In an earlier post, I mentioned that Sawyer, like every other GSP, has webbed feet. A few of my readers were surprised at that fact, just as I was surprised by it while I was researching the breed. So, for you, for me, for anybody who cares enough to be interested, but not enough to look it up, here’s a brief history of Sawyer’s breed.

In the dense forests of nineteenth-century Germany, hunters desired a companion that could fill a few different roles. They wanted a breed with a nose capable locating game at distance, enough discipline to hold (point) when game was found, and strength and durability enough to retrieve downed game from both land and water. Historians believe that the breed began as a mix of numerous existing breeds, including the Old Spanish Pointer, the French Braque, and the English Foxhound. Throughout the latter half of the century, the line was mixed with a variety of other breeds in an attempt increase breed intelligence, versatility, stamina, and aesthetics.

Nailed it.

Nailed it.

In 1872, the breed was entered into the German Kennel Club Stud Book, and in 1925 a female GSP was brought to the United States, thus establishing the breed in America. In 1930, GSPs became an American Kennel Club recognized breed.

The breed is named for its ability to point. As in the featured picture in this post, a dog on point flattens its back and head and becomes very still, creating a line pointing toward game. This instinct is simply an extension of the stalking instinct possessed by many breeds. Most dogs, upon smelling something out of the ordinary, will slow down and deliberately inspect the smell. As puppies, GSPs will stalk nearly anything — a feather, a spider, a dandelion — that they aren’t familiar with. They are set apart, however, by their above-average sense of smell (to detect game from farther away) and their common sense. A GSP quickly learns that if they get too close to their prey, it will flee. They learn to pause before pouncing on their quarry, and after many, many training sessions, this tendency can be molded into the powerful tool that hunters desire.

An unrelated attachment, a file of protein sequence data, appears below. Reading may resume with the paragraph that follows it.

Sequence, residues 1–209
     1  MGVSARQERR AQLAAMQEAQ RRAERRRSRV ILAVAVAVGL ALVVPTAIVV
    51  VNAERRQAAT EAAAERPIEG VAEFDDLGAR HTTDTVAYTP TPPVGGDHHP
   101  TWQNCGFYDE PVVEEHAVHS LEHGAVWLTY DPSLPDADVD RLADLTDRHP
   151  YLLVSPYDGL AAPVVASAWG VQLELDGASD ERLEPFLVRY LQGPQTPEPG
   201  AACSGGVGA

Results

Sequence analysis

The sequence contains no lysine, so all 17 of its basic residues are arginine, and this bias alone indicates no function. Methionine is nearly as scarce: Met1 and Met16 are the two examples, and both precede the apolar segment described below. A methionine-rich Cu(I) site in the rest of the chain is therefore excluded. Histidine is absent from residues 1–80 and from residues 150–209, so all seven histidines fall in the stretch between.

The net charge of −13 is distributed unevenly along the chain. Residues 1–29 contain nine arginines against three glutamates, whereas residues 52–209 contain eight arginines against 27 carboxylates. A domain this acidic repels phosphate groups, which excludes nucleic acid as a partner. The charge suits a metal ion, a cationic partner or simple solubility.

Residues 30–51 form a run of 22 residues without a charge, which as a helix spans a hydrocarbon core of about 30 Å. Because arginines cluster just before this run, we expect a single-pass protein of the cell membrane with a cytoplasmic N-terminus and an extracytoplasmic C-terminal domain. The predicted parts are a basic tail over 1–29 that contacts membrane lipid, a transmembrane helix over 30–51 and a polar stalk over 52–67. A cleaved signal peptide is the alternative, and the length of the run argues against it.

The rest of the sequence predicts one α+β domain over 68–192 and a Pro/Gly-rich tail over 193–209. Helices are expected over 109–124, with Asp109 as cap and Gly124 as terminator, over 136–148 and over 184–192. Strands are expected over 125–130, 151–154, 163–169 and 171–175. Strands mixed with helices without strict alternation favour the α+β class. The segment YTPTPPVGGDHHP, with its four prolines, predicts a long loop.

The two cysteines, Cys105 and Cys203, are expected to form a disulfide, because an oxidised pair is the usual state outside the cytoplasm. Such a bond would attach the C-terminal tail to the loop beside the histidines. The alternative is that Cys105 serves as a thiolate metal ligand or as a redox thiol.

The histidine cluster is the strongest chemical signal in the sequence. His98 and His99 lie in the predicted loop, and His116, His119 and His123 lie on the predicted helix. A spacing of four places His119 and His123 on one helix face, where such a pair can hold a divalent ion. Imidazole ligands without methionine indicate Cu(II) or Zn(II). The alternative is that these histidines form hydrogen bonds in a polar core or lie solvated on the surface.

Shorthairs are praised for their intelligence, for their strong noses, and for their ability to run long and fast, but the breed’s true merit lies in its versatility. GSPs have strong legs, thick nails, and outstanding stamina, which make them effective upland (rocky, mountainous terrain) bird dogs. They tend to be barrel chested, especially if they aren’t spayed or neutered, which helps push through dense thickets of sage. As I mentioned above, they have webbed feet and a dense, water-repellent coat, which makes them sound water dogs as well. Beyond hunting, many GSPs are trained to dock jump — something I’d like to try with Sawyer — many are showed, and some even work with military and law enforcement.

Pictured: a bird.

Pictured: a bird.

The primary complaint I hear about GSPs is that they’re too high energy. Here’s the deal, though. Sawyer runs everywhere. He never walks. We’re not even sure he knows how. This can be frustrating, especially in a home like ours with tight hallways, because he’ll come flying by and clip you in the back of the knee. It’s a pain, but not a breed flaw. In fact, their energy is what makes them effective hunters. On a given day, a hunter might hike between ten and fifteen miles, over rocky terrain and dense brush. The dog easily doubles that distance, does it faster, requires fewer breaks, and is having fun the whole time. Energy can be a nuisance, but only if it’s ignored. An energetic dog wants to be stimulated, to work, to learn.

There are several more-than-a-century-old pedigree lines in existence. Sawyer is a member of none of them, but he shows more promise every day. I can’t wait to get him out in the field.

– Matt

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